R. H.—1 Tim. 2:66Who gave himself a ransom for all, to be testified in due time. (1 Timothy 2:6).—We accept these words in their simplest and fullest sense, namely, that Christ gave Himself a ransom for all. In agreement with this we read elsewhere that "He is the Propitiation for our sins: and not for ours only, but also for the whole world" (1 John 2:22And he is the propitiation for our sins: and not for ours only, but also for the sins of the whole world. (1 John 2:2)). The ransom, the propitiation, is not to be narrowed down to a particular nation, such as the Jews, or to a special class drawn out of many nations—it is broad enough for all. His blood is available for any sinner, no matter who he may be. Hence we can carry the gospel to every creature under heaven. But carefully remark that we are not now speaking of the substitutionary aspect of Christ's sacrifice—His bearing of "our sins." This side is only predicated of believers. If the vilest come to God through Him, who is the Propitiation, they may then go further and see Him as the One who has borne all their sins, so that not one of them can be named again. As to your other question, there is much in what you say, but it is too controversial for discussion within the limits of our correspondence columns.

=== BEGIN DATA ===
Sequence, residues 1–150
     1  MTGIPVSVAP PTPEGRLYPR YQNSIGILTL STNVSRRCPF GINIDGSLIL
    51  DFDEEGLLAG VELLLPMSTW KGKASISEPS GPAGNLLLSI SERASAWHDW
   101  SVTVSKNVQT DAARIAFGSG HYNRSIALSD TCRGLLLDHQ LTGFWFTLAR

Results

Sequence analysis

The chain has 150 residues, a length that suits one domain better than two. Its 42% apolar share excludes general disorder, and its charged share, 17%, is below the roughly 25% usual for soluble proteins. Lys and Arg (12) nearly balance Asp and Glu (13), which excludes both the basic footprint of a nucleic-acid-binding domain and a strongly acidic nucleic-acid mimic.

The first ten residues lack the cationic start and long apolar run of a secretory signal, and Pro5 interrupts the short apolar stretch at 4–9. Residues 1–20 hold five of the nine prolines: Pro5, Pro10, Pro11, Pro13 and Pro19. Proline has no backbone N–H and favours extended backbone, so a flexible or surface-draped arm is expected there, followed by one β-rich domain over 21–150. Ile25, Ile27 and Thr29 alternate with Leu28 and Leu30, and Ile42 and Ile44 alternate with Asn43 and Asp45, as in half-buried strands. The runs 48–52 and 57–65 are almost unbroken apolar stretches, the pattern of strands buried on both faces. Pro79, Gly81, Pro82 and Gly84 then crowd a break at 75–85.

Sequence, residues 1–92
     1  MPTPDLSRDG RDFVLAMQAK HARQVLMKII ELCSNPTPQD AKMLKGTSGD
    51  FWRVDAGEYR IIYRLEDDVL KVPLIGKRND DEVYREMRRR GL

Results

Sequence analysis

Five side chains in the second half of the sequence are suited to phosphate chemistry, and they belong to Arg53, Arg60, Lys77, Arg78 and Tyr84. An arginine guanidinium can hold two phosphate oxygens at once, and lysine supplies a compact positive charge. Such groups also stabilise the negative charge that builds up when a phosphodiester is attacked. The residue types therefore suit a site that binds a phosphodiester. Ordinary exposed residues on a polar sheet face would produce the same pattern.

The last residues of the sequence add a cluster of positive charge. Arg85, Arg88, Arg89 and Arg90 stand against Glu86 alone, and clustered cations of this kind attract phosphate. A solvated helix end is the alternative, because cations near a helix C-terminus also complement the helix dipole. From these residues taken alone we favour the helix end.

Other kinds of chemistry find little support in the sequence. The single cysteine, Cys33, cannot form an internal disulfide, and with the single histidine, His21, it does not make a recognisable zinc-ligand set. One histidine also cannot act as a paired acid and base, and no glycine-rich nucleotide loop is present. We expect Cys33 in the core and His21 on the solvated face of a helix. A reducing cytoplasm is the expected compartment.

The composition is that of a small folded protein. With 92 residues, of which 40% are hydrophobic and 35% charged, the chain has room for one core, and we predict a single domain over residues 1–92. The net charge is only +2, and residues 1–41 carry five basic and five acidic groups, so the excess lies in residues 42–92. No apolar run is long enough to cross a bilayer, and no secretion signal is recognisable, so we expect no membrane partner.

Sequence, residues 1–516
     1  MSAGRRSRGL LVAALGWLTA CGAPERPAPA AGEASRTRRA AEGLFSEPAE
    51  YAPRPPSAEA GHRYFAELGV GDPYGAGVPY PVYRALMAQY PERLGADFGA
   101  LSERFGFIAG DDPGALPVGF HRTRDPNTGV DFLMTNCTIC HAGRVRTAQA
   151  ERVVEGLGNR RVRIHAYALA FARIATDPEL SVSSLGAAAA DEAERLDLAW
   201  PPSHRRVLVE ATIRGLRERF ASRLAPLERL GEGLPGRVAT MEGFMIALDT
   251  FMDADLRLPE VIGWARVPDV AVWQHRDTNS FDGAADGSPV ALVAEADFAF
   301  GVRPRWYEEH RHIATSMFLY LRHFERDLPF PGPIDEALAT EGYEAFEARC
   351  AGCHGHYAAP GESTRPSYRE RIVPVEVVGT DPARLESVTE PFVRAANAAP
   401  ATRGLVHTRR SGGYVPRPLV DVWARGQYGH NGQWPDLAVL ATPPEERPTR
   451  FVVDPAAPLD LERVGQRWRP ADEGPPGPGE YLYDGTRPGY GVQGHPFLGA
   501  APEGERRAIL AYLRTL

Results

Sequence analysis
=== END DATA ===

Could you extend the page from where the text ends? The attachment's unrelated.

F. T.—In a recent answer to a correspondent we pointed out that there are two words in Greek, both of which are translated hell in our Authorized Version of the Scriptures—Hades and Gehenna—the latter signifying the place of eternal punishment. You ask about the former. It means "the unseen or invisible world of spirits, upon which, till the coming of Christ, darkness and obscurity rested. In hades' there may be joy as well as torment. The rich man and Lazarus were both in hades. In hell there is only torment." Hades never means the grave.